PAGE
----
The Fitbit Charge 3 reaches with two different-sized bands: small and large. The small is between 5.5–7.1 inches (14–18 cm), and the large is 7.1–8.7 inches (18–22 cm). Additionally, the screen is more significant than Charge 2 by approximately 40%. Fitbit Charge 3 arrives in two color combos: a Rose-Gold suit with a Blue Grey band and a “Graphite Aluminum” screen suit with a Black band.

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On December 17, 2018, Fitbit unleashed the Fitbit OS 3.0, which included a comprehensive dashboard, rapid logging for weight and water intake, and a goal-based exercise way. In addition, the new comprehensive on-device dashboard (Fitbit Today) would consist of more data regarding sleep, water intake, and weight.

There are three interpretations of the Fitbit Versa, standard, Special, and Lite.

In December 2018, Fitbit counted an API and open-source tools to allow developers to build apps for its smartwatch products better.

On January 2, 2019, the company reported the release of the Fitbit Charge 3 in India.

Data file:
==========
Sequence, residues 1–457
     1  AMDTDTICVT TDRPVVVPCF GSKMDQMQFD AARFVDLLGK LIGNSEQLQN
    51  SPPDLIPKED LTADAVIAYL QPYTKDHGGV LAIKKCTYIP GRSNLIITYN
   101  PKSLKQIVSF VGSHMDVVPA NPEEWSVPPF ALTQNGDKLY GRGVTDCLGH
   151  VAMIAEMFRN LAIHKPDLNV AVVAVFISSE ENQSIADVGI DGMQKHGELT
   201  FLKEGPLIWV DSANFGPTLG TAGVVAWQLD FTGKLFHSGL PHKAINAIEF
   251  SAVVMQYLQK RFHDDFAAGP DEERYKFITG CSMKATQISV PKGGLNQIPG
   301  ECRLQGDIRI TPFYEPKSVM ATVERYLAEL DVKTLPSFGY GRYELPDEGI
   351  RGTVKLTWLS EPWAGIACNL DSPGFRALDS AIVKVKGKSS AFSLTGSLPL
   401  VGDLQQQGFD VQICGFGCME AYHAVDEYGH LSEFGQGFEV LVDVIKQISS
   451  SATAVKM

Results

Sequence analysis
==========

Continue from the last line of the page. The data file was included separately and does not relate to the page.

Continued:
On June 3, 2020, in the COVID-19 pandemic, the company reported Fitbit Flow, a ventilator in response to the deficiencies of ventilators in medical centers and hospitals worldwide that are required to treat critically ill patients.

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However, despite calling for an emergency approval from the Food and Drug Administration, the company does not believe Fitbit Flow is a drop-in replacement for traditional ventilators. Instead, the outcome is meant as an option when the expensive option of conventional ventilators is not available. Therefore, the company plans for Fitbit Flow to be used only during the COVID-19 pandemic.

In August 2020, Fitbit also announced new smartwatches, the Versa 3, the Inspire 2, and the Fitbit Sense, including new health metrics and analyses such as stress sensing, oxygen saturation, and skin temperature. The Sense also pledges to show changes in skin temperature to detect signs of sickness. In addition, certain Sense, Versa, Ionic, and Charge products support Fitbit Pay, a digital wallet that uses near-field communication to make payments at the point of sale.